‘Catastrophic deterioration’ in Aleppo in last 2 days, says U.N.

‘Catastrophic deterioration’ in Aleppo in last 2 days, says U.N.     ALEPPO, Syria, As more bombs rained down on Aleppo on Friday morning, United Nations officials admitted that the situation in Syria’s largest city is “catastrophic.”

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Syria’s second city of Aleppo has been under bomb attacks for months. Photos by Ameer Alhalbi/ UPI | License Photo

 

 

 

 

 

 

 

 

 

 

 

 

 

Warplanes launched a fresh wave of airstrikes targeting rebel-held parts of Aleppo, raising fears of more casualties.

Religious leaders were forced to suspend Friday prayer sermons, according to the Syrian Observatory for Human Rights and the Local Coordination Committees, who report at least three people killed and several injured in the latest attacks.

Rebels shelled a mosque in the government-held district of Bab al-Faraj, killing eight people, state media is reporting. A clinic in rebel-held Marja was targeted in an airstrike.

Earlier this week there was outrage after at least 27 people died when the Medecins Sans Frontieres-backed al-Quds hospital was hit by bombs. There were at least 30 more fatalities in other attacks.

Jan Egeland, chairman of the U.N. humanitarian task force for Syria, told reporters in Geneva that there had been a “catastrophic deterioration in Aleppo over the last 24-48 hours.”

He added: “The stakes are so incredibly high because so many civilian lives are at stake, so many humanitarian health workers and relief workers are being bombed, killed, maimed at the moment that the whole lifeline to millions of people is now also at stake.

“Doctors have been killed, health workers have been killed and medical workers have been blocked from coming to their patients.”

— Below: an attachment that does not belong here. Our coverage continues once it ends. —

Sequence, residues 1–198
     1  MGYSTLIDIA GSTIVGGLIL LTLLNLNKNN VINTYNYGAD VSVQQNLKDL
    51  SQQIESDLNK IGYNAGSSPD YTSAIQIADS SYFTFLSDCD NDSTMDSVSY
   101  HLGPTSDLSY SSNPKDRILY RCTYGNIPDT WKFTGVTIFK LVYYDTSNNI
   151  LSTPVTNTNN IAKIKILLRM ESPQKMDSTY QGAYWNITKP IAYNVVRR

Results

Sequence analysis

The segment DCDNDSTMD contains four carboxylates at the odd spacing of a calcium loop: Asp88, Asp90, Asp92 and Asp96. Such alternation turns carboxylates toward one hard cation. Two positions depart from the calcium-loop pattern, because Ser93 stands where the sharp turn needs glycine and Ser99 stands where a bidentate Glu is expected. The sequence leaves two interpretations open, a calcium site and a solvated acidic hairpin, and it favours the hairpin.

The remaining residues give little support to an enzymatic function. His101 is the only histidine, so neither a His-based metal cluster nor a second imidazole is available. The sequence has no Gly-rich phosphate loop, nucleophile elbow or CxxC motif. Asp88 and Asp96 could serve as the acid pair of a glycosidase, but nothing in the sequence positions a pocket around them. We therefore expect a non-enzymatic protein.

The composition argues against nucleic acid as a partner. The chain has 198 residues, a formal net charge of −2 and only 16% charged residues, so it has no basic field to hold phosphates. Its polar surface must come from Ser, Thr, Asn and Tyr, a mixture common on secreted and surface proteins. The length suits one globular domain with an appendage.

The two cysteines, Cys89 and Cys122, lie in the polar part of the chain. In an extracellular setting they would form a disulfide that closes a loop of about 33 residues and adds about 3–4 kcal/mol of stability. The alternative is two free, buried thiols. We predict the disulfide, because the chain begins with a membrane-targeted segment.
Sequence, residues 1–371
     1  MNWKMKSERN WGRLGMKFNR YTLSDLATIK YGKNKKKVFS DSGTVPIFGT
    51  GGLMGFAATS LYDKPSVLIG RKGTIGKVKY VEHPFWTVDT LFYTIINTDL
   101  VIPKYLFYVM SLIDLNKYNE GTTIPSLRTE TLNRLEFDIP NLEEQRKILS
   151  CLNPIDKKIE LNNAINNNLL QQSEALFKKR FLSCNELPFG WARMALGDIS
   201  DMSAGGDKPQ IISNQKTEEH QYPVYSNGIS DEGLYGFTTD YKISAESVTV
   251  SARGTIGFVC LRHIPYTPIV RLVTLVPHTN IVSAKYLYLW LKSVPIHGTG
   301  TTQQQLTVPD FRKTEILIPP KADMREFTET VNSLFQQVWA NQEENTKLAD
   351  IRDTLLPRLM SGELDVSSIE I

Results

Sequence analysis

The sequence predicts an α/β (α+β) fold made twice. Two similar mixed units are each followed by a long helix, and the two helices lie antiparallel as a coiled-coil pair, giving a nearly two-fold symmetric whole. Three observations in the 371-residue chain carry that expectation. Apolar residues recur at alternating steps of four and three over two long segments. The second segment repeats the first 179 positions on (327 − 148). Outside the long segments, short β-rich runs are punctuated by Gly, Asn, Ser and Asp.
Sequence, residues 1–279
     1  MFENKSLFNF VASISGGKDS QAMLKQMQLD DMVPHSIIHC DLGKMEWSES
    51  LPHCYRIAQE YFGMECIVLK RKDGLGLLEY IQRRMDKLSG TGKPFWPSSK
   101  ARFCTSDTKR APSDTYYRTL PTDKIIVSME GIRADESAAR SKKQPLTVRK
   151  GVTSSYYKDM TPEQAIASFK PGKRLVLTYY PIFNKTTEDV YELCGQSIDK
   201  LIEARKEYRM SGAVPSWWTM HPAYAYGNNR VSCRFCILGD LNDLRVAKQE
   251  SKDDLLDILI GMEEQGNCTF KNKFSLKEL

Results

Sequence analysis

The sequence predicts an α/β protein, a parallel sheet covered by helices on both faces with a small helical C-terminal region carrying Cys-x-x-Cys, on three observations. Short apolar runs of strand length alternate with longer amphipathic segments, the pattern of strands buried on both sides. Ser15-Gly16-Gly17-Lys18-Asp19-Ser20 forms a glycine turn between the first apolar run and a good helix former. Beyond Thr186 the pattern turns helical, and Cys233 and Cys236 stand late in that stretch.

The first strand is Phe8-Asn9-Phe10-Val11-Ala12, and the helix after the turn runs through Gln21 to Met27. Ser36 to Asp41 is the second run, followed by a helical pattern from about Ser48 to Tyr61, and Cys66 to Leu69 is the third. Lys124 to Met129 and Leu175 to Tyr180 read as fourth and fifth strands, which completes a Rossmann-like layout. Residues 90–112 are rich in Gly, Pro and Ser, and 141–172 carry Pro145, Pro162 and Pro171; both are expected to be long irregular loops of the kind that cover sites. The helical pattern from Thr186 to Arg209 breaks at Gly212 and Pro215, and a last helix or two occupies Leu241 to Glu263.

Medecins Sans Frontieres said at least 14 patients and three doctors had been killed in the airstrike on al-Quds hospital, including Mohammed Wasim Moaz, one of the city’s last pediatricians. He had worked at the hospital since 2013.

“He kept it going, was always there and always worried about the needs of the people. He was honest and very committed. He worked in conditions you cannot even begin to imagine,” an MSF representative, Aitor Zabalgogeazkoa, told the BBC.

It is still unclear who is behind the latest bombing campaign. Local sources blame the Syrian military or Russia, which is supporting the government of President Bashar al-Assad.

But the Syrian military denied targeting the hospital.

“Such news is merely an attempt to cover up terrorist crimes which target peaceful citizens in Aleppo,” a military source reportedly told state TV.

The Russian defense ministry insists that it has not carried out any bombings in Aleppo in recent days, according to Russian news agencies.

U.S. Secretary of State John Kerry stated that he was “outraged” by the hospital attack.

“It appears to have been a deliberate strike on a known medical facility and follows the Assad regime’s appalling record of striking such facilities,” he said.

Meanwhile, the Syrian government has denounced as an “illegitimate intervention” the reported arrival of 150 U.S. troops in the town of Rmeilan in the predominantly northern Kurdish province of Hassakeh.

This comes a week after U.S. President Barack Obama said that he was deploying 250 troops to Syria to help certain rebel groups fight the Islamic State, which means that 300 American troops are now in Syria.

By Martin Smith

UPI NEWS